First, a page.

Jailed and incarcerated persons in Russia have the right to participate in their court hearings through video-conferencing, according to Part 2, Article 401.13, of Russia’s Criminal Procedural Code. Despite the fact that Russian courtrooms are generally well equipped to accommodate video-conferencing, lawyers say the hardware is often ignored. Courtrooms are provided with this equipment through the “2013-2020 Russian Judicial System Development” special federal program, which three years ago should have enabled video-conferencing at 95 percent of all federal courts of general jurisdiction. By 2020, video-conferencing should have been available at all arbitration courts. 

“Russia’s Criminal Procedural Code stipulates that hearings can proceed without defendants in special cases and the courts are using this,” says attorney Dmitry Sotnikov, who’s recently replaced other defense attorneys who could not appear in court. These conditions limit suspects’ right to a fair trial, he warns: “The defendants also weren’t brought out of detention for their extension hearings and they weren’t provided with video-conferencing. And so what happens is someone hires a defender where there’s clearly some agreed-upon position, but I don’t see the client and I don’t know the position!” says Sotnikov. “And the judge tells me, ‘Read the court transcript and you’ll find out.’ In other words, the judge is denying me the opportunity to speak with my client and telling me to read the minutes, instead. That’s the state’s position here.”

The epidemic will end, but these practices will remain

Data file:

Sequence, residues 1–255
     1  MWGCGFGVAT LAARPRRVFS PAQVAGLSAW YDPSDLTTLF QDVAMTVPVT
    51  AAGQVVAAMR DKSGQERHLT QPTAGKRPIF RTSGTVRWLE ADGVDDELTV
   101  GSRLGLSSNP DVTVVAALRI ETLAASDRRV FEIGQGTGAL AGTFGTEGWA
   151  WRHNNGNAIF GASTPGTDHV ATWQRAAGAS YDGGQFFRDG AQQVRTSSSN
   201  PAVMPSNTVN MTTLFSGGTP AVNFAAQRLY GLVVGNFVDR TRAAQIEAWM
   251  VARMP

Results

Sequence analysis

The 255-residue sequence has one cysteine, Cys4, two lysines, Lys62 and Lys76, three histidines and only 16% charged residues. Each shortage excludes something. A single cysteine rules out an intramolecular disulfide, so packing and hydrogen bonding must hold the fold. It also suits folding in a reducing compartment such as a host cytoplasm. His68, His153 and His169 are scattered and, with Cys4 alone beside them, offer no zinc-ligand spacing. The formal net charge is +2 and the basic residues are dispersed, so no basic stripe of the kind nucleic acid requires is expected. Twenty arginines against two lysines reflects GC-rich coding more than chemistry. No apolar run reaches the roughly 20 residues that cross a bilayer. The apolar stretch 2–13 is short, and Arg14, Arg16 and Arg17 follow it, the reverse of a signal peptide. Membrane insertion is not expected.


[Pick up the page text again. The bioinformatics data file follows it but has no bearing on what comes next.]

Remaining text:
The quarantine’s first victim was courtroom transparency. On March 31 in Krasnoyarsk, before the city imposed self-isolation measures, a local judge moved forward with the prosecution of an Internet user who wrote an offensive comment on VKontakte, finding that the case was “urgent.” “The guy had some harsh words for the Chinese,” says “Agora” human rights group lawyer Vladimir Vasin. “He just got a little emotional, in our view, but the linguists detected some violations here.”

Nobody was allowed to observe the hearing, says Vasin: “The suspect’s mother wanted to be there, but they told her no way, ‘We’re under quarantine. Special conditions.’ So we had the hearing, we all wore masks, and then we left.”

Throughout the coronavirus epidemic, there have been three hearings in the case against former Serpukhov District head Alexander Shestun — on March 17, 19, and 23. Shestun’s wife says reporters and members of the public have been barred from all proceedings. “The journalists and I show up each time, and each time they won’t let us in, citing quarantine measures,” says Yulia Shestun. 

RFBA president Yuri Pilipenko warns that the justice system’s practice of holding court hearings without defendants present, hidden from the public, could outlive Russia’s containment measures against coronavirus. “Let’s be honest: [even without the quarantine] we’ve already got remote legal proceedings. Defendants are rarely brought to appellate hearings in Moscow — they participate from detention centers through video-conferencing,” Pilipenko says. “The quarantine experiment could lead to the expansion of these remote proceedings. You can’t rule it out, unfortunately. [The authorities] might fall in love.”

Story by Liliya Yapparova with assistance from Maxim Solopov

Translation by Kevin Rothrock